@Gordon: I can’t say much about the approach we will be taking to handling multiple instruments on the same staff, but you can rest assured that we will have solutions for the various cases of accidentals either being required or redundant for each instrument on the staff.
I actually preferred option C for reading (only for bars 1,2, and 4)
Program A: Look at the natural’s placement in bars 1 & 2. It’s inconsistently on the outside of the sharps, and inside of the sharps. To me, that’s more confusing to read quickly. Where Program C is easier to identify quickly what’s going on. Yet Program A gets the last bar right for me. And the third bar is an exception, I find that easy enough to read as there are only 3 things to read. Just some input.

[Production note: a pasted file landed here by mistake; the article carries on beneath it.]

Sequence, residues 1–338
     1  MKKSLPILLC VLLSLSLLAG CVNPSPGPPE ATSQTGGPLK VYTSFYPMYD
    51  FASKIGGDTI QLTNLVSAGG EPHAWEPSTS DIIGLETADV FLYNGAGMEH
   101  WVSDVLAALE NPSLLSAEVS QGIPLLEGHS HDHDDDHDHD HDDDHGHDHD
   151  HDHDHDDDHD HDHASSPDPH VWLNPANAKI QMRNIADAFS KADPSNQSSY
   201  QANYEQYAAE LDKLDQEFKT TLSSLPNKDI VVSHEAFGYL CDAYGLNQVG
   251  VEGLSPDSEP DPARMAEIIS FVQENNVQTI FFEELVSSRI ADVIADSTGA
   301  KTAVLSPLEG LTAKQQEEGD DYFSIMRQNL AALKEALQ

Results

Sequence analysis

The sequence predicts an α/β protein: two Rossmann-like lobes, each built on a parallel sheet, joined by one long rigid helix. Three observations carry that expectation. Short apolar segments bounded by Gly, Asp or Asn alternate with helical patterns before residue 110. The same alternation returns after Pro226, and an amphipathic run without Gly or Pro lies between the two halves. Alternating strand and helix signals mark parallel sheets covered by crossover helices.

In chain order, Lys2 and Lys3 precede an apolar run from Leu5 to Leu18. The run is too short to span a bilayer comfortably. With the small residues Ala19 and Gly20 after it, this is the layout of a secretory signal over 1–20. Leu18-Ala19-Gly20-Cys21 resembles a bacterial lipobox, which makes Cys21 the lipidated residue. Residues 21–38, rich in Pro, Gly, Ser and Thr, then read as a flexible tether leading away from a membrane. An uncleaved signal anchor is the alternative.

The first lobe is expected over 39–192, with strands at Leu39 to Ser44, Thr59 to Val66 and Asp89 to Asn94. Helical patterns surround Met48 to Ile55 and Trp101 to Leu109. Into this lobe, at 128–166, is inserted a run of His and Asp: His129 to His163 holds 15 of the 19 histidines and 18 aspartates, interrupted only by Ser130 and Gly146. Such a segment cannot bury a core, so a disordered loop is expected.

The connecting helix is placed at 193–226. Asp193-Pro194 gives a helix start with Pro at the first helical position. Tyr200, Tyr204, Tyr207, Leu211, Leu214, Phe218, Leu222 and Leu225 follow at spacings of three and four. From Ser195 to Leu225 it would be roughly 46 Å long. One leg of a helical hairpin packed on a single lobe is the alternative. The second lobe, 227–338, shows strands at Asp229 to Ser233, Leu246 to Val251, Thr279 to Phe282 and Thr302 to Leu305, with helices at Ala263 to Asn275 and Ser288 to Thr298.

Question: You want to allow flexibility with power. Well, is that just a “here’s different overall project options”? Or will you allow us flexibility on a specific chord’s spelling? On similar symbol issues… I disliked the Sib approach of having to hide things and put symbols in place for flexibility. Why not just allow someone to just move the existing symbol (which ties to playback) where one wanted.
Un-related question: I know we’ve expressed interest in Expression Maps from Cubase. I’m just wondering if you guys have thought more about using them or if you’re leaning on something else. Some friendly feedback: I loved Sib, but creating maps for midi instruments was a nightmare, truly. My suggestion is not to spend time re-inventing the wheel unless it needs it for your software. It’s one thing to have amazing software that’s very flexible and powerful. It’s another thing to make it easy to use. I loved when Sib changed to the ribbon. I may be alone in that, perhaps because I’m younger than the others who were used to the previous versions. Easy is better, every time. If it isn’t easy, it wastes time. I don’t like wasting time.